Richie Benaud was a great leg-spinner, a trend setting all-rounder and one of the most successful captains, who later became the voice of cricket. Arunabha Sengupta pays tribute to the most influential cricket personality since the Second World War on the great man’s 82nd birthday.
A sophisticated, refined man of French descent taking up cricket is a rarity verging on the unique. It is indeed doubly strange that this gentleman went on to become a trend-setting all-rounder, a legendary leg-spinner, one of the most successful captains and, subsequently, the undisputed voice of cricket.
As a batsman he was hard-hitting and a well known exponent of lofted drives; as a fielder one of the best close-in catchers of his era; and as a bowler, the Australian leg-spinning bridge between the glory days of Clarrie Grimmett and Bill O’Reilly and the modern era of Shane Warne.
Neither as talented nor as large a spinner of the ball as the other great Australian exponents of the art, Benaud was a master at exploiting rough patches on the surface and was known to generate disconcerting bounce. He was accurate to the extent of nagging and in his arsenal there lay concealed a well-disguised googly and a fantastic top-spinner. Late in his career he also developed a flipper.
Under his captaincy Australia won 12 Tests and were defeated in just four. Not one series was lost while Benaud was at the helm. The young team he had inherited had turned into dominant world beaters by the time he left the scene. His handling of key players – Alan Davidson in particular – was exemplary. In an era not known to demonstrate emotion on the field, Benaud stood with an unbuttoned shirt, raised eyebrows and embraced his players when wickets fell.
His fearless moves and natural charisma enlivened interest in Test cricket during an era when post-War circumspection and parsimonious approach to batting and bowling had made the game increasingly tedious for spectators.
Richie Benaud achieved a lot as a cricketer, but the wisdom he gathered and dispensed would become identifiable with his greying hair. His analytical mind was sought by great cricketers and administrators alike. Shane Warne considered him a mentor, Ian Chappell looked up to him for advice and Kerry Packer approached him for guidance during the World Series Championships.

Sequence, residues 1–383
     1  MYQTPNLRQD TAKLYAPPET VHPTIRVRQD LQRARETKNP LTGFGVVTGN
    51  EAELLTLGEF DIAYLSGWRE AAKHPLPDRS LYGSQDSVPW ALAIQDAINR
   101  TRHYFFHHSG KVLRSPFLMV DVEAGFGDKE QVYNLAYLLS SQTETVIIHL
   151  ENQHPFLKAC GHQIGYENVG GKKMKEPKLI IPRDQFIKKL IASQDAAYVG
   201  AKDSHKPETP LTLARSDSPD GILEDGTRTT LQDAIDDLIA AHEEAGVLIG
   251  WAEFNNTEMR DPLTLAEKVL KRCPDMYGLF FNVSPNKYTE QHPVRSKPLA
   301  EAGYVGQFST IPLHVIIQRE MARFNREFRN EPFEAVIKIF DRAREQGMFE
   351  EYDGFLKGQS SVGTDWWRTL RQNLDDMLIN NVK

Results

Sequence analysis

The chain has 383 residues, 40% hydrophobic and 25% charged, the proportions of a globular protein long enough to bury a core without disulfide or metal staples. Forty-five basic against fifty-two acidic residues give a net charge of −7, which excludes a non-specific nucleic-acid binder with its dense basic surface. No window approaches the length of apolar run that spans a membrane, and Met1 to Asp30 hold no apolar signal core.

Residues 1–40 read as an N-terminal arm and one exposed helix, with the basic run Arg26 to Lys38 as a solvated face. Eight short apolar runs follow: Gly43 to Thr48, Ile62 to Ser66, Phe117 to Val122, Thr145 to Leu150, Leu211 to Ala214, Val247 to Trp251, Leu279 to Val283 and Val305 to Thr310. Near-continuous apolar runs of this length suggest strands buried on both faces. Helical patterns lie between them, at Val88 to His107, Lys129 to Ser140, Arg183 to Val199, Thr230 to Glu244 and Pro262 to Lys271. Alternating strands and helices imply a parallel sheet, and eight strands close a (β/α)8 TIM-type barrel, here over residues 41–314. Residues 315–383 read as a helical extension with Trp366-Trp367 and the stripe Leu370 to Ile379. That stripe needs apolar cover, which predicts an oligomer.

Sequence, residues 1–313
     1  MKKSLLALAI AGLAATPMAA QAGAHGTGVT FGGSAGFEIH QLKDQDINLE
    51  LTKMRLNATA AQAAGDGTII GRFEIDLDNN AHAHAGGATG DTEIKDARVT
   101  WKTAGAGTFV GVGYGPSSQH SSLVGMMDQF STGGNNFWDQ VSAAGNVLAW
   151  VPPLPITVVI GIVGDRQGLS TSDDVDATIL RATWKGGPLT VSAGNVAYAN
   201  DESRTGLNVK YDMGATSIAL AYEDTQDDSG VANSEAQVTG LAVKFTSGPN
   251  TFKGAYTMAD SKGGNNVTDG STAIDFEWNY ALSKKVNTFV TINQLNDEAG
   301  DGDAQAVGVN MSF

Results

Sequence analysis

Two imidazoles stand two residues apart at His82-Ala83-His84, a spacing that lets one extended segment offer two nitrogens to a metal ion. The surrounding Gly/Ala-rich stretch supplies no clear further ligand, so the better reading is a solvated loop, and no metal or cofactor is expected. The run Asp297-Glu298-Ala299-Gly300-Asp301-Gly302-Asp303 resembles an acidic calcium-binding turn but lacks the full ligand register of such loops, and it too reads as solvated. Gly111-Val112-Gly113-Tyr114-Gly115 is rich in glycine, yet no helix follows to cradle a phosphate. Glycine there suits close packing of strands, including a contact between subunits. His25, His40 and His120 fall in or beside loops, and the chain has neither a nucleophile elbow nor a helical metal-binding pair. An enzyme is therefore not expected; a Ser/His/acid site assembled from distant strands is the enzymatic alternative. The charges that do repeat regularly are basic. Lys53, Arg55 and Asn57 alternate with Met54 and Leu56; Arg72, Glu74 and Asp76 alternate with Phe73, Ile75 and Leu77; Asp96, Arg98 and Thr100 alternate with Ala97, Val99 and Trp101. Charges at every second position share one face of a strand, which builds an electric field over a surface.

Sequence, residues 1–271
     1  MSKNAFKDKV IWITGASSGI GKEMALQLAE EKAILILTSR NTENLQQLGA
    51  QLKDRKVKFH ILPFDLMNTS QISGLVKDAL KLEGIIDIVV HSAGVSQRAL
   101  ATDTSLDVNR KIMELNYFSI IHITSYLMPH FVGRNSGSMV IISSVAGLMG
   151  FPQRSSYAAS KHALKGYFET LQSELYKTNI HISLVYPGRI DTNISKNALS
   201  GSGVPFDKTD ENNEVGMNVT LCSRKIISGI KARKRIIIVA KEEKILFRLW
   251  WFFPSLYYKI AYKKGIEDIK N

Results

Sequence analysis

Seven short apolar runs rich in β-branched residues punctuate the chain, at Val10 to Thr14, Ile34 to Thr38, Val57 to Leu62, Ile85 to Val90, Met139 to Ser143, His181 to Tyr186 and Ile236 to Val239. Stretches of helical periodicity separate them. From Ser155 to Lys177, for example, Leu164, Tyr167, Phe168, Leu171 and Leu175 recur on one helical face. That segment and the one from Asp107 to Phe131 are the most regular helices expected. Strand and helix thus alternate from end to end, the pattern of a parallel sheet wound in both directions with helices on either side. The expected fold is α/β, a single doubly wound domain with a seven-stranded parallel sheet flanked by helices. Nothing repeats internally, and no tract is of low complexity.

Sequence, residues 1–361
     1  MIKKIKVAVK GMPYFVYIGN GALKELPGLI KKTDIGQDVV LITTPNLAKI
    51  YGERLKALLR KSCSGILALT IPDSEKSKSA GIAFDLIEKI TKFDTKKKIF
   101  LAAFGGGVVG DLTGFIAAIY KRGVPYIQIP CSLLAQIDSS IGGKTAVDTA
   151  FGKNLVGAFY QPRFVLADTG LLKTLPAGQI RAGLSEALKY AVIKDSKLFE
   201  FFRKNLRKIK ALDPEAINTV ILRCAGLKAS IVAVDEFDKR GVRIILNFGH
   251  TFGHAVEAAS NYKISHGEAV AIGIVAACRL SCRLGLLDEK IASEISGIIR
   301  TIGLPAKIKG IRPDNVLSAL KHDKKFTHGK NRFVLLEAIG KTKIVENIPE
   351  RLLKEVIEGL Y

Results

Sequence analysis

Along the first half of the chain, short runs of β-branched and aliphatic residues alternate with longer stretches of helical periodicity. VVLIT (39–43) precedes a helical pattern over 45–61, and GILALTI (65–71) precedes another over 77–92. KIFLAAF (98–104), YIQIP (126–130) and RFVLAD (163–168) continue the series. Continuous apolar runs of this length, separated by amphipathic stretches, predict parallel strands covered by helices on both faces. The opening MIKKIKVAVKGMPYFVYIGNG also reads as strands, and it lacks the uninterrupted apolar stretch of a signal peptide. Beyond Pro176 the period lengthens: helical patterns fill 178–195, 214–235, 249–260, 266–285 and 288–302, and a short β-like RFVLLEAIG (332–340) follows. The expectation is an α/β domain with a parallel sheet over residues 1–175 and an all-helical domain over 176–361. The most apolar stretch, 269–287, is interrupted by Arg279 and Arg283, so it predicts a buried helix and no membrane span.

As Gideon Haigh put it, “He is perhaps the most influential cricketer and cricket personality since the Second World War.”
While reviewing Benaud’s autobiography, Anything But, Sri Lankan cricket writer Harold de Andrado wrote: “Richie Benaud, possibly next to Sir Don Bradman, has been one of the greatest cricketing personalities as player, researcher, writer, critic, author, organiser, adviser and student of the game.“
Early years of struggle
Born on October 6, 1930, Benaud’s career did not soar to greatness from the beginning. In fact, for a long, long gestating period it did not even take off. He fumbled through the first few years while both he and the team management seemed unable to decide whether he was a batsman or a bowler.
Indeed he made his First-class debut as a specialist batsman. And in his Test debut at Sydney against West Indies in 1951-52, he was chosen primarily for his batting and came in at No 7, scoring three and 19. He bowled just four and a half overs.
In his second Test match, against South Africa at Melbourne, he was struck by a fierce square cut by John Waite while fielding at short gully and suffered a smashed gum and split upper lip. According to the doctors, the impact could have as easily broken his cheekbone or damaged his eye forever.
The Australian team in the early to mid-50s was overloaded with all-rounders. Keith Miller and Ray Lindwall were in the middle of their careers, while Benaud and Davidson were starting theirs. The balance was thus awkward and often tottering. There was a slump in the Australian performance and Benaud himself seldom set the ground on fire.